Oct 20 – 25, 2019
America/Mexico_City timezone

The QUA³CK Machine Learning Development Process and the Laboratory for Applied Machine Learning Approaches (LAMA)

Oct 22, 2019, 6:00 PM
20m
Oral Artificial intelligence, data science, and machine learning Submitted contributions

Speaker

Mr Simon Stock (Karlsruhe Institute of Technology)

Description

According to recent studies, Machine Learning has become a demanded skill in the world of engineering. Therefore, it is possible to find hundreds of online courses offering to teach these abilities. Some companies now call for ‘Machine Learning Engineers’ as a new hiring position. For many engineering students this is a very difficult situation, since taught courses are often focusing on the theoretical backgrounds of machine learning. However, in order to learn the correct use of machine learning methods, students have to apply them to real world problems. Hence, the scientists of the Institute for Information Processing Technologies (ITIV) at the Karlsruhe Institute of Technology (KIT, Germany) created the Laboratory for Applied Machine Learning Approaches (LAMA). We strive for a wide audience of engineering students, independently of their previous machine learning experience. The students go through three phases of learning. First, they get introduced to the theoretical concepts, then they will undertake guided hands-on experiments and lastly there is a creative ‘Into-the-Wild’-part. This approach was very successful and was positively received by the students.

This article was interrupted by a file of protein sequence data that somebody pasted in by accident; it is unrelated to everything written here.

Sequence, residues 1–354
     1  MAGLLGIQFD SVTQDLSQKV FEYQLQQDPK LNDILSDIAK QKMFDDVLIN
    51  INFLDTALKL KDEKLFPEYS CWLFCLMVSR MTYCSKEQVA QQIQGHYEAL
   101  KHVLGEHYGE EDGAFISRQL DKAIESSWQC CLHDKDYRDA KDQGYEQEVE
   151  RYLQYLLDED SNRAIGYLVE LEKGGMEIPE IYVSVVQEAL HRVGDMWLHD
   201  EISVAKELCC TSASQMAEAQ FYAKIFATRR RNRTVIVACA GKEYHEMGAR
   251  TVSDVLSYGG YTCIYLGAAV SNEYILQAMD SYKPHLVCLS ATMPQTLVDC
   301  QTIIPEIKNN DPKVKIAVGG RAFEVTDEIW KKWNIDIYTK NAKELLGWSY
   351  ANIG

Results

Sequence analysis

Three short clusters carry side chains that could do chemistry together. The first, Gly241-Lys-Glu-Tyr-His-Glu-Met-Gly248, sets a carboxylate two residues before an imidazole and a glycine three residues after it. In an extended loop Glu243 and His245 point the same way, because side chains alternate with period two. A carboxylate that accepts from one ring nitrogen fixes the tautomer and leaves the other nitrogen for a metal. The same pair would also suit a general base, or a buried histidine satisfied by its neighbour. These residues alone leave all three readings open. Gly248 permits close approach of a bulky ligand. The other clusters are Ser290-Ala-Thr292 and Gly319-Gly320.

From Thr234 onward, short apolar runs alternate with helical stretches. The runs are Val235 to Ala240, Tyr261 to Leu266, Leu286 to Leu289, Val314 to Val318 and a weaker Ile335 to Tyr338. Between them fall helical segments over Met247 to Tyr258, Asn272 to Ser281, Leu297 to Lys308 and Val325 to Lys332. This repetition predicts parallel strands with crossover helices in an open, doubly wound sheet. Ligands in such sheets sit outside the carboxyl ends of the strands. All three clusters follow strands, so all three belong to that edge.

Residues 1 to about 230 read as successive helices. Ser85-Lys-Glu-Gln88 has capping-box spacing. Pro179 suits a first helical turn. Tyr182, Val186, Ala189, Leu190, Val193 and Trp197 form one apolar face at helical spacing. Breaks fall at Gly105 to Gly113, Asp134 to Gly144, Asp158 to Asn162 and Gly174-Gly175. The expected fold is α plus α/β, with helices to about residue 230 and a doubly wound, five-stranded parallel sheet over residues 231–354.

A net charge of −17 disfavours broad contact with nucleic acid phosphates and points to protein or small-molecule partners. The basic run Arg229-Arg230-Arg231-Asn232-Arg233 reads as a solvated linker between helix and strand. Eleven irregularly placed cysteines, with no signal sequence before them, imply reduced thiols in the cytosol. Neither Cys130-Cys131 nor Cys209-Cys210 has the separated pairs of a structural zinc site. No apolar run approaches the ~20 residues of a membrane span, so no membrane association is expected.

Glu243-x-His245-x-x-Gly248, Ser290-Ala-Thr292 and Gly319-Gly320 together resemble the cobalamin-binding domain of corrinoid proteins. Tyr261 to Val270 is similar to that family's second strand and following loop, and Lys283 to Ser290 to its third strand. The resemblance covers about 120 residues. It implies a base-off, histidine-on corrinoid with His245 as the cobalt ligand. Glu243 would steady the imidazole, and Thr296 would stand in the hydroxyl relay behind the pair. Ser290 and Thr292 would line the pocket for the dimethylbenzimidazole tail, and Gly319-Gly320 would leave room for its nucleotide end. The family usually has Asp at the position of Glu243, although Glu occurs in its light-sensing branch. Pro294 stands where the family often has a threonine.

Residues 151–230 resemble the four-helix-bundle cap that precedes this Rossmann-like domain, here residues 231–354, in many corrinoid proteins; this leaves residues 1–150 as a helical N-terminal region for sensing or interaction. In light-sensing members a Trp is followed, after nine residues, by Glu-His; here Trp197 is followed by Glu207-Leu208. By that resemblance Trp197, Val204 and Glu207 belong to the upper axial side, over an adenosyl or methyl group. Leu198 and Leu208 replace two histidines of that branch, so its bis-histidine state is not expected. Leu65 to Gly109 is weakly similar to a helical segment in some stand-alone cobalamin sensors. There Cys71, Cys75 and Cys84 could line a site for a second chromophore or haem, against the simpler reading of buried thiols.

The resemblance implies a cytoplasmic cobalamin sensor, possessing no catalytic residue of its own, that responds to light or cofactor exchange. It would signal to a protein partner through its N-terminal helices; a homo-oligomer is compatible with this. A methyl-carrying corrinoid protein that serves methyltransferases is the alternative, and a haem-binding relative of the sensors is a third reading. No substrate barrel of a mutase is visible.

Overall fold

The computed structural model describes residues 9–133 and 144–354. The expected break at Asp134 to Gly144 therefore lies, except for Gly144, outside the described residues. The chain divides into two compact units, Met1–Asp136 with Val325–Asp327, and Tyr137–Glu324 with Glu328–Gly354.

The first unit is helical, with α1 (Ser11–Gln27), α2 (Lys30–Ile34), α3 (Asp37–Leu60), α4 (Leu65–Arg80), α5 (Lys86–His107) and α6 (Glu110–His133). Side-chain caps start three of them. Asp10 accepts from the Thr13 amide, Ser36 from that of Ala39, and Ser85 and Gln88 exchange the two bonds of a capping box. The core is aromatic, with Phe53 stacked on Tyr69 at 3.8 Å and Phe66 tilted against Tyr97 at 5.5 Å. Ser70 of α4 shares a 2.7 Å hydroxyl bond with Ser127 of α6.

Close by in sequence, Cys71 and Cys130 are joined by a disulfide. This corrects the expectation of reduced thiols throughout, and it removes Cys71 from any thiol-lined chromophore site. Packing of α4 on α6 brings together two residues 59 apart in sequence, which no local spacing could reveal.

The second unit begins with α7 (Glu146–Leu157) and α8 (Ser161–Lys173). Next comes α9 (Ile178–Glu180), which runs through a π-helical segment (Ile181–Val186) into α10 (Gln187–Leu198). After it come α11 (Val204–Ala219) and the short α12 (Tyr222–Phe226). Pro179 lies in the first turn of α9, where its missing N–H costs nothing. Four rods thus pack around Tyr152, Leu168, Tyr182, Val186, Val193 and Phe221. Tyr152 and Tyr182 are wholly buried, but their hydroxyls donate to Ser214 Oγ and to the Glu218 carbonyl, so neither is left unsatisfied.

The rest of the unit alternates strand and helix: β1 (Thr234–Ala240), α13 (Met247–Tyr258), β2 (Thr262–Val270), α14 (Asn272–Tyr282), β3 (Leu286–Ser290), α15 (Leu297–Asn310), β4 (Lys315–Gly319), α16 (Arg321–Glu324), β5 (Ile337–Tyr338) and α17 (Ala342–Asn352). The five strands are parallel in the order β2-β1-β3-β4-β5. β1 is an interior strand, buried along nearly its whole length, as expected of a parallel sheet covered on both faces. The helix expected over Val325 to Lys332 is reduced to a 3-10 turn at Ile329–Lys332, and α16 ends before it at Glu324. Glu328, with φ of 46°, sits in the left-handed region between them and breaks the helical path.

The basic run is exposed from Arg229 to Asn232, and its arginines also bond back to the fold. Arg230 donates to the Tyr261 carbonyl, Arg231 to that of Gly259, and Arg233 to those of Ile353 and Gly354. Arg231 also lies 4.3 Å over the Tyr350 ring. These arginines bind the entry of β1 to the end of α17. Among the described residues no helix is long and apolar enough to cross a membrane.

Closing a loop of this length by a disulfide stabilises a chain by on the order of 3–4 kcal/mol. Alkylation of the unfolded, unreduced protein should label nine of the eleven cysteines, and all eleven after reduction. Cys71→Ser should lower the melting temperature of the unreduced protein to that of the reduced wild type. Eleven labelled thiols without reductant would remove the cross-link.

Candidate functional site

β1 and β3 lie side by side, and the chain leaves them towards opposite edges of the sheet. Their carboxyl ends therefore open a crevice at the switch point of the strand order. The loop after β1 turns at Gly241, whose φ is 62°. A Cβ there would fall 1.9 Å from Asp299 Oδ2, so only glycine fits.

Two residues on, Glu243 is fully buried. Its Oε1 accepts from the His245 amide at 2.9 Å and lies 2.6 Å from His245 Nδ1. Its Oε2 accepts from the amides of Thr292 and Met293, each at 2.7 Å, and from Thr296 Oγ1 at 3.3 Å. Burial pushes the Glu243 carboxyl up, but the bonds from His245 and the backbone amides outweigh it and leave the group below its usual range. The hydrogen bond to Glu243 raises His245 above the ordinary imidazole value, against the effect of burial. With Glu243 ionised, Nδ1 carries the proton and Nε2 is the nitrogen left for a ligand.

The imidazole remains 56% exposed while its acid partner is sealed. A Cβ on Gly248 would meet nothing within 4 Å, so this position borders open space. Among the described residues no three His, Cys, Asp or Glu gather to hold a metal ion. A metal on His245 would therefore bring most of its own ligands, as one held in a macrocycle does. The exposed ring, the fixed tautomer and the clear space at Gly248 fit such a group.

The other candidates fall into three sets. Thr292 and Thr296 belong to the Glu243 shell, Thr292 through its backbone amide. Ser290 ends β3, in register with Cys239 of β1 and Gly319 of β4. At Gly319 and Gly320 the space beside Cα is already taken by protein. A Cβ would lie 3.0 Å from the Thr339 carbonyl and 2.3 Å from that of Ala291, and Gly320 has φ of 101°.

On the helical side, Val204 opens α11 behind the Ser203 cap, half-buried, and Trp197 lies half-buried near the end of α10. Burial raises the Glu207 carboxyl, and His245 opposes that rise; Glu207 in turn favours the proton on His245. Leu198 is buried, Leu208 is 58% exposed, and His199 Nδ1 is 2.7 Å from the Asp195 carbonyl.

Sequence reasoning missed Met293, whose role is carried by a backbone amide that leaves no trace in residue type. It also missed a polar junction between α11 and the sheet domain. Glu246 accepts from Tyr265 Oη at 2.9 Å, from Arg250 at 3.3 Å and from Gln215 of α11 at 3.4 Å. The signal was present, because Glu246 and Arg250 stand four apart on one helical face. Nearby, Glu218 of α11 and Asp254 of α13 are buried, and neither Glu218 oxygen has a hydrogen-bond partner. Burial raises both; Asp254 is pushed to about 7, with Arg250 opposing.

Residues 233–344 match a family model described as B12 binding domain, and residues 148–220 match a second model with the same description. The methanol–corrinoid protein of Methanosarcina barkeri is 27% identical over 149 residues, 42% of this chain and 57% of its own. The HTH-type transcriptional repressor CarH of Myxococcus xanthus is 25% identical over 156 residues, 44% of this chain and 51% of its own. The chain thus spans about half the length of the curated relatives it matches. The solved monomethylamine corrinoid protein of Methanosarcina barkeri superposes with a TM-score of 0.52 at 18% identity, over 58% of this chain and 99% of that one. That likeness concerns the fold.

The lab was designed around a novel machine learning process. This methodology is an adaptation of CRISP-DM, which is a unified cross-industry standard. However, it did not find general acceptance in academia. One reason might be the strong emphasis on business understanding.
We developed a simplified and easy-to-remember version of the CRISP-DM. This new machine learning process, which we named QUAAACK or QUA3CK, is an important part of the contribution of this work. It is an acronym for the individual process steps. The method commences with Question and Understanding the data. Followed by the iterative A³-process: Algorithm selection, data Adaption and parameter Adjustment. Based on these we will Conclude and compare the results and finally do the Knowledge transfer into a solution, product or publication. Figure 1 displays the process with precise description of each individual step.
![Figure 1: The LAMA teaches the iterative QUAAACK process as part of the lab.][1]
The laboratory is composed of two main parts: Guided assignments and the project based ‘Into-the-Wild’ phase. First, we teach students the basic concepts of frequently used machine-learning algorithms in theory and practice. We are using the widely adapted programming language ‘python’ for the guided part of the laboratory. Utilizing ‘jupyter notebooks’ we combine theoretical background documentation and its associated code in an interactive manner.
During the ‘Into-the-Wild’ part, students have the possibility to apply their learned skills to a real world engineering challenge. The aim of this creative part is to apply the QUA3CK process. Groups of two to four students can seek their own challenge or use provided datasets by the institute. In the end, all teams present their results to the other students and tutors. There was a broad variety of students’ projects in summer 2019. Examples were a music composing neural network, the detection of sitting behaviour in order to improve posture and classifying whether bees are affected by toxins.
We can conclude that self-imposed goals lead to a better intrinsic motivation and a higher identification with the project.

Primary authors

Mr Christopher Meier (Karlsruhe Institute of Technology) Mr Daniel Grimm (Karlsruhe Institute of Technology) Mrs Gabriela Molinar (Karlsruhe Institute of Technology) Prof. Juergen Becker (Karlsruhe Institute of Technology) Mr Marco Stang (Karlsruhe Institute of Technology) Mr Simon Stock (Karlsruhe Institute of Technology) Mr Tim Hotfilter (Karlsruhe Institute of Technology) Prof. Wilhelm Stork (Karlsruhe Institute of Technology)

Presentation materials